"Evidently when the first automobile came out it caught his interest," Jack Tenvoorde says. "So he brought the first automobile to St. Cloud, a Milwaukee Steamer, up the Oxen trail from Minneapolis. That was in 1899
in 1903 he went to meet Henry Ford, and he was the 2nd person to become a dealer... but the 1st person has long since sold out, and doesn't get to be the oldest dealership after that moment of sale.
During World War II Cy Tenvoorde was forced to lay off all of his salesmen, except one. The dealership concentrated on repairing carburetors, fuel pumps, generators, ignitions, distributors, transmissions, crankshafts and re-building engines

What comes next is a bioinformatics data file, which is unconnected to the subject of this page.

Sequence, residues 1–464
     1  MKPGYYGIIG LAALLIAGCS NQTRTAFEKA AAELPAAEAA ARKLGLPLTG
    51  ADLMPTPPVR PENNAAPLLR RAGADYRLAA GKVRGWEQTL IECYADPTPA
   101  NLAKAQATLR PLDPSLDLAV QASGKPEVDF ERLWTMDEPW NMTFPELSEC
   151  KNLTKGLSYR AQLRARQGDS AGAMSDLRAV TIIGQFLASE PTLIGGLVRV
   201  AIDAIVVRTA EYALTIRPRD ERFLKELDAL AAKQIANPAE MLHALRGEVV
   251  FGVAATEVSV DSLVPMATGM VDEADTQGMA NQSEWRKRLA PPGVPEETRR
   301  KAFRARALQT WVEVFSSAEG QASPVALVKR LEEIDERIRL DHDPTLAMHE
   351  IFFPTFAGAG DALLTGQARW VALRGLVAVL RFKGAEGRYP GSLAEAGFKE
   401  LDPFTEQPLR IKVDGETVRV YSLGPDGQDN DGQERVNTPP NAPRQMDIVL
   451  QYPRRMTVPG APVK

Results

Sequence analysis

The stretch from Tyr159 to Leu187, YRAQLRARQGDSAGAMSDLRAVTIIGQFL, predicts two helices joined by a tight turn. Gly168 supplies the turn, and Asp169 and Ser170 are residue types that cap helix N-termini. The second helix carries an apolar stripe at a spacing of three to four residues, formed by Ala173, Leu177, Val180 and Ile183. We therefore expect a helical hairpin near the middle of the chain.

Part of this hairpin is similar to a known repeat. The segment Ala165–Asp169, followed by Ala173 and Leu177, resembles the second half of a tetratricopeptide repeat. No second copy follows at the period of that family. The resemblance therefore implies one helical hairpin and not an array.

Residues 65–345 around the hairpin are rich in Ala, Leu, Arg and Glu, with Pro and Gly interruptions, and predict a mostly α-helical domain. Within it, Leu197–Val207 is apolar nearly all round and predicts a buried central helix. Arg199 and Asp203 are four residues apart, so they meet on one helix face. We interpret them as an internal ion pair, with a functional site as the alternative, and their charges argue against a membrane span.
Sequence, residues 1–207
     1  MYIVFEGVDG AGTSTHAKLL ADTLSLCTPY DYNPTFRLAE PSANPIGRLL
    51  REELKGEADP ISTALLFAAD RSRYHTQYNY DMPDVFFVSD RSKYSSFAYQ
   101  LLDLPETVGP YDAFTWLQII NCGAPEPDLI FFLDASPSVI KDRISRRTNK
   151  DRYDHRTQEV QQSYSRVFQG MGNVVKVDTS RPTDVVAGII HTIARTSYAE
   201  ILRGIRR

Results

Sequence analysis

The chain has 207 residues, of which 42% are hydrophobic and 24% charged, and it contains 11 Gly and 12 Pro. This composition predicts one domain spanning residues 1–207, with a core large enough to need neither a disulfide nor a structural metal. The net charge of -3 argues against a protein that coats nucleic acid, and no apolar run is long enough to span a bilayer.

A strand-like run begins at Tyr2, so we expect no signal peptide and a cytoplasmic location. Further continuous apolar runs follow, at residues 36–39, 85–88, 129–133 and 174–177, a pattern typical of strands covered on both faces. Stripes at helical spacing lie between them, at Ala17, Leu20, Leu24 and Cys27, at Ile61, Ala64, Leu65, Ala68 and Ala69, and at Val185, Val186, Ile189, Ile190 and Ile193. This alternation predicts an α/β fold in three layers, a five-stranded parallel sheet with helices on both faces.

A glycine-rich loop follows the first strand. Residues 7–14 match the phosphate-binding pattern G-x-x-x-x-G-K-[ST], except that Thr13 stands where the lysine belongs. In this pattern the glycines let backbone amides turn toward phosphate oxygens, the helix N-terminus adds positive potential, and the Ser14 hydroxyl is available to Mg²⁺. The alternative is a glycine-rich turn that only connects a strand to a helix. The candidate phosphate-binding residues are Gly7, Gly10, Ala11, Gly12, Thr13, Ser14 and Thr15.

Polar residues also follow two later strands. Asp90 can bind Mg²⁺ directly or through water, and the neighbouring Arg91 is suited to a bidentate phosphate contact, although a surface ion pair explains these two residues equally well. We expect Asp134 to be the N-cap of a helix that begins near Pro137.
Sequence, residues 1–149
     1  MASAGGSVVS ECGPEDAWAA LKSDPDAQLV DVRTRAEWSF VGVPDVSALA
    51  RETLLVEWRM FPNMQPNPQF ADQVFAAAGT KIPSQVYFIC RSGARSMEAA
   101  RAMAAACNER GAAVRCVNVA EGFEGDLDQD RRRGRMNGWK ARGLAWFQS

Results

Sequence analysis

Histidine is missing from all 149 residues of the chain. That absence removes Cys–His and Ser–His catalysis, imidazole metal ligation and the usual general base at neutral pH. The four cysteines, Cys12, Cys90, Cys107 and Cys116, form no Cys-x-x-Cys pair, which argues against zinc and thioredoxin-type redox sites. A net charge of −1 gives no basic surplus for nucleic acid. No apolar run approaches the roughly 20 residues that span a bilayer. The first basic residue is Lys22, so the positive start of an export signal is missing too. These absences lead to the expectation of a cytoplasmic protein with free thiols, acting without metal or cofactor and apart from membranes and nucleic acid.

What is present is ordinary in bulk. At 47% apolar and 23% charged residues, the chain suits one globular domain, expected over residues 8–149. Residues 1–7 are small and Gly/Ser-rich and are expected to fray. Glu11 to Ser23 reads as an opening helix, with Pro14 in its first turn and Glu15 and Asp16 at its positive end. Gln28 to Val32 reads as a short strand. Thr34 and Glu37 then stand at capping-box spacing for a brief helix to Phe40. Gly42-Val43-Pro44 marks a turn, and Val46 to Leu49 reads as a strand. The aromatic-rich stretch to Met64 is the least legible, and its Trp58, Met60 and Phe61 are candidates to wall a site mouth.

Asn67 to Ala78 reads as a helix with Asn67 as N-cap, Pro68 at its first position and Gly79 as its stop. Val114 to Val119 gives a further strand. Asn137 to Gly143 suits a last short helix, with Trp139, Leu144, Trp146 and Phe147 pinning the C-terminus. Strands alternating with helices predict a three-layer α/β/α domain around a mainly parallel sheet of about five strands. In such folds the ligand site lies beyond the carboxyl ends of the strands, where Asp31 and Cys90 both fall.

Used cars were repaired and put on sale. It sold service by encouraging people, through advertising, to keep their cars in good repair. The purchase of a crankshaft grinder that cost a shocking $8,000 at the time eventually paid for itself through repairs. Against all odds, business grew.
The company reached the point where it was rebuilding an average of 125 engines a month for retail customers and several competitive dealerships. 'Dad made more at that business than he did selling cars,' said Jack Tenvoorde. 'When the war was over, Ford put in its own official factory machine to rebuild engines, and put him out of that business.'
the 5th generation of the Tenvoorde family started working at the dealership in 2003, just like all the generations of the family before him, he started with washing cars. Well, his granddad also ran a tractor for demonstrations when needed, back when Henry Ford required all dealerships to have a tractor in the showroom.